To the surprise of no one with even a passing familiarity with Peyton Manning and the NFL, the quarterback is poised to be highly in demand as a studio or game analyst for all of the networks that broadcast the NFL once he officially retires as an active player.
The only thing that would seemingly keep Manning from the booth or studio would be if he just doesn’t want to do it, perhaps preferring to take a year away from the game. Well, that may no longer be entirely true, in light of a scandal that resurfaced over the weekend regarding sexual assault accusations dating back to 1996, a cover-up by the University of Tennessee, and a smear campaign against the woman alleging this behavior by Manning. Networks may be reluctant to hire Manning if those allegations gain further credence and this case is pushed further into the spotlight.
Barring that, however, CBS, ESPN, Fox and NBC would all like an opportunity to add Manning to their on-air staff for NFL broadcasts. CBS Sports chairman Sean McManus has been particularly outspoken about his desire to hire Manning for an analyst role, telling Sports Business Journal‘s John Ourand that the network will contact the quarterback as soon as he expresses an interest in television work.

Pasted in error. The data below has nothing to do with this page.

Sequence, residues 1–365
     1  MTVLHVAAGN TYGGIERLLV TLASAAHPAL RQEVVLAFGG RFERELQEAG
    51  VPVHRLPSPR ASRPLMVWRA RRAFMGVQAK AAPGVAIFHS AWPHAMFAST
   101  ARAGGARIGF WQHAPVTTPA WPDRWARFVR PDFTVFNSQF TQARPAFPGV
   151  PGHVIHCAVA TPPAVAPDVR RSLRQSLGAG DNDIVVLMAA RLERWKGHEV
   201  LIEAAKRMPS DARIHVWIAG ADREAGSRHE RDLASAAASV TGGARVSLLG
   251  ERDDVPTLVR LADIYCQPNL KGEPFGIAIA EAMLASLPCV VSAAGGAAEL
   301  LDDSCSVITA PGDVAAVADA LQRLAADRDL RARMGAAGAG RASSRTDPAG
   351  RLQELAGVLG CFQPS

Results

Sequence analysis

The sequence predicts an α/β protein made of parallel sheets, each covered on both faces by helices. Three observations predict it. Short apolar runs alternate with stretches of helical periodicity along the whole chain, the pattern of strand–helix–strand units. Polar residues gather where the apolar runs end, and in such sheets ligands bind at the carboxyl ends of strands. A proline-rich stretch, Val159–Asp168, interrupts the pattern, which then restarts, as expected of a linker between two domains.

Though each of the networks that have covered Manning during his 18 professional seasons have experience with him during production meetings, CBS has the most recent — and perhaps most pertinent — first-hand dealings with him in preparation for the Super Bowl 50 broadcast. As reported by MMQB’s Peter King, Manning met with the CBS production crew for 45 minutes at the team hotel four days before the game and was so impressive and helpful in providing information that would benefit the broadcast that all 15 members of the crew — including on-air and behind-the-scenes staff — gave him a standing ovation when he was finished.
(Was Phil Simms a bit more hesitant to stand up than the rest of his colleagues? He might be the one guy in that group with the most to lose if Manning was hired as a game analyst, presuming he’d automatically get that No. 1 role.)
Maybe there was some hidden motivation beyond simple gratitude there. CBS production staffers and broadcasters may have been showing Manning how welcome he’d be as a part of their NFL team. But as Ourand reports, the competition for his services looks to be fierce.
That raises the question as to how hard some of those network’s investigative reporting operations may pursue the Manning sexual assault story, for fear of upsetting and alienating the quarterback. Given that CBS and ESPN also have partnerships with the SEC, in addition to the NFL, could the risk be twofold for those networks if it means also scrutinizing Tennessee’s role in this story?